Standing up to Russia
In a bid to reassure its NATO allies in Europe’s east, the Obama administration announced in February that it intends to quadruple US military spending in Europe. “We continue to provide reassurance to the frontline states there, our NATO allies, to make sure that they have not just reassurance of words, but that we have actually deployed concrete assets that let them know that Article 5 means something, and that we stand by our commitments to our allies,” Obama said at the White House this week.
Stoltenberg said that while Russia does not pose an imminent threat to any NATO ally, including the countries in the eastern part of the Alliance, it has become more assertive. Russia under President Vladimir Putin, in an attempt to re-establish a sphere of influence around its borders, is “willing to use military force…to intimidate neighbors, to change borders in Europe, annex Crimea, destabilize eastern Ukraine, and having troops in Georgia and Moldova and so on,” he added.
In response to Russia’s 2014 annexation of Crimea and subsequent support for separatists in eastern Ukraine, NATO has become “more agile and better prepared,” and its Response Force is three times bigger, the Secretary General said.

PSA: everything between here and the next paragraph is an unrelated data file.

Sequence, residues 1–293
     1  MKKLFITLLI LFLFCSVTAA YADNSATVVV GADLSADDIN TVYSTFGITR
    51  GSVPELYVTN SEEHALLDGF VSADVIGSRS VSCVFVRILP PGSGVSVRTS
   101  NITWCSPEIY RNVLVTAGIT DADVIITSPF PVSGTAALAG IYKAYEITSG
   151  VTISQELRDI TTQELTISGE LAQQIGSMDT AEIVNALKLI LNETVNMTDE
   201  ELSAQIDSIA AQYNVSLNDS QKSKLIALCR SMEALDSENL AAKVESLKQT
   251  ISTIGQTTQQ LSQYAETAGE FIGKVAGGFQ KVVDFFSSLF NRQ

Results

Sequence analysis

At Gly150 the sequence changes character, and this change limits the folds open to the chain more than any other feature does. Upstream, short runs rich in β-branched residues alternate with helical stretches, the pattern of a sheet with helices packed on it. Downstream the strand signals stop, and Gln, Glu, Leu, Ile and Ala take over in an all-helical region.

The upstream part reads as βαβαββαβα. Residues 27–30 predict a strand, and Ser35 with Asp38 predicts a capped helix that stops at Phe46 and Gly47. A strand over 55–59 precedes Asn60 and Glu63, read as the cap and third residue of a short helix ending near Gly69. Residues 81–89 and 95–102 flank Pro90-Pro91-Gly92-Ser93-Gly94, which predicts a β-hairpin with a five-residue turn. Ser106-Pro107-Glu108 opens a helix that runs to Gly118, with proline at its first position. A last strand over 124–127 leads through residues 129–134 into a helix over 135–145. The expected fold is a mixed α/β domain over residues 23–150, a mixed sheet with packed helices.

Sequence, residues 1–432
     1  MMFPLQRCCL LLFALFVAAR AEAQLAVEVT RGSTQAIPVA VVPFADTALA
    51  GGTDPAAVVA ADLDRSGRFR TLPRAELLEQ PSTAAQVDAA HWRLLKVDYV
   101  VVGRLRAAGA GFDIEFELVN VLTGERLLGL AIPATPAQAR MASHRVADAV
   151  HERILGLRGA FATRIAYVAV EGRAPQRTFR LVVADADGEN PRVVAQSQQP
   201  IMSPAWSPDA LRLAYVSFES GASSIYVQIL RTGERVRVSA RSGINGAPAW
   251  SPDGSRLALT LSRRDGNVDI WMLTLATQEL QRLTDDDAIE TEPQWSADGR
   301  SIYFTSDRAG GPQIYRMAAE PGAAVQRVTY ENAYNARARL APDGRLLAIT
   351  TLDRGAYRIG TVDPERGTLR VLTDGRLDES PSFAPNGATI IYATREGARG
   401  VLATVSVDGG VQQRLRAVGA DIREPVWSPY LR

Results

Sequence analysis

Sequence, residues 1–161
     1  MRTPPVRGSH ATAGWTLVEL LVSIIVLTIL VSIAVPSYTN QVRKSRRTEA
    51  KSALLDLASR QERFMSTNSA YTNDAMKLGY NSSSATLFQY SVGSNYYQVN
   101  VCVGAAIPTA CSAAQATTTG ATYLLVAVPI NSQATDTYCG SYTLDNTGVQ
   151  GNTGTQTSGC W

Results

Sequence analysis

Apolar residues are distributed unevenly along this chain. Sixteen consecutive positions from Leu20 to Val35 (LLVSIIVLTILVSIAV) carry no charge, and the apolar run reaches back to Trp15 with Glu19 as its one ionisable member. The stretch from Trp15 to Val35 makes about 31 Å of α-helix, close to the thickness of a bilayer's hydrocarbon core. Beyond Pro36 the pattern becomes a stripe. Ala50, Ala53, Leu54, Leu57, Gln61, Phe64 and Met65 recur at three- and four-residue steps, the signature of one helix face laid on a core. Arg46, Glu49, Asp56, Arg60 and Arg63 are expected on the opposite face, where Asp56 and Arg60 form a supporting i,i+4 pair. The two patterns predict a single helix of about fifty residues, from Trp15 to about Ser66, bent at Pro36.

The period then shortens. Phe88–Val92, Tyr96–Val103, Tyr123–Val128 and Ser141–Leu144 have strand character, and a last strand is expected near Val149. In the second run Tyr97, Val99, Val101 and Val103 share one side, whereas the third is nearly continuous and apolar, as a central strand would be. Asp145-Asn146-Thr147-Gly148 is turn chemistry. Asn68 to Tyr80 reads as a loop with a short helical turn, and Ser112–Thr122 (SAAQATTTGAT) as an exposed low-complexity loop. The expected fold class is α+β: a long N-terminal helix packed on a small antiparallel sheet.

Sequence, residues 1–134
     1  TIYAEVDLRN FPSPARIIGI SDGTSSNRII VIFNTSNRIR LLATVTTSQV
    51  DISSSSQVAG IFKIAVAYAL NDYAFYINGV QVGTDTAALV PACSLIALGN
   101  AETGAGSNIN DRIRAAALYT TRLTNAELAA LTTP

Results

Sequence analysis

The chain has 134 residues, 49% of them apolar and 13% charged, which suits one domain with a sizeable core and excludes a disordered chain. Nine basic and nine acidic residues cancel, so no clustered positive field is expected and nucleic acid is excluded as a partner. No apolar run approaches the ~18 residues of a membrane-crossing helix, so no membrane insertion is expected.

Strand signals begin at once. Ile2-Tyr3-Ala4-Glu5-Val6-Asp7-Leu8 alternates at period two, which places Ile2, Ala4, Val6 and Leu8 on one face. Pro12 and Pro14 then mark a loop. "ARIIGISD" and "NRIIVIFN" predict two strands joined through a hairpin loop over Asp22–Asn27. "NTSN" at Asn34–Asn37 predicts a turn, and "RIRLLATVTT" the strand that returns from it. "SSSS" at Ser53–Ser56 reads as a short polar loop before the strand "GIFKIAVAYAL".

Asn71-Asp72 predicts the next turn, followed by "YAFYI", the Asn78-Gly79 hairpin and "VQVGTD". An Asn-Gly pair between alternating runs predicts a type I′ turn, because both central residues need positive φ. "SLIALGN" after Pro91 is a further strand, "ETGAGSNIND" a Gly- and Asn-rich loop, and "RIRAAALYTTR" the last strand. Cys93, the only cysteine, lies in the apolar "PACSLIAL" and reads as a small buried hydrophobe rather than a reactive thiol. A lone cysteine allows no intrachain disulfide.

However, he noted, NATO is not seeking a confrontation with Russia. “We will avoid a new Cold War,” he said, adding that NATO is striving toward a more cooperative relationship with Russia, but it has to be firm to establish the basis for political dialogue.
The NATO-Russia Council has not met since 2014 when the Alliance broke off practical cooperation with Moscow in response to Russia’s violation of Ukrainian territorial integrity. However, the Alliance wants to talk to Moscow about improving military transparency with the goal of avoiding misunderstandings.
Stoltenberg, a former Norwegian Prime Minister, said there was no contradiction between strong defense and political dialogue. “For me, dialogue is not an expression of weakness, it is an expression of strength,” he said. “In the long run, Russia has to understand that they will gain more from cooperating with us instead of confronting us.”
“For me, dialogue is not an expression of weakness, it is an expression of strength,” NATO Secretary General Jens Stoltenberg said of engagement with Russia. He spoke in a conversation moderated by Washington Post correspondent Karen DeYoung (right). (Atlantic Council/Victoria Langton)
NATO will host its annual summit in Warsaw in July. At that summit, the Alliance will take additional decisions on strengthening its collective defense and deterrence, advance the forward presence of multinational forces in its east, enhance its resilience against hybrid warfare and cyber threats, and ensure that the nuclear component of its deterrence is credible and effective, Stoltenberg said.
“We will advance our goal of a Europe whole, free and at peace, with Montenegro invited to join our Alliance,” he added.
While Obama announced in October of 2015 that he will keep 5,500 US troops in Afghanistan into 2017, other NATO members have yet to take a decision on troop numbers. That decision will be made in Warsaw as will a decision on ways to address the challenge posed by ISIS, said Stoltenberg.
Ashish Kumar Sen is a staff writer at the Atlantic Council.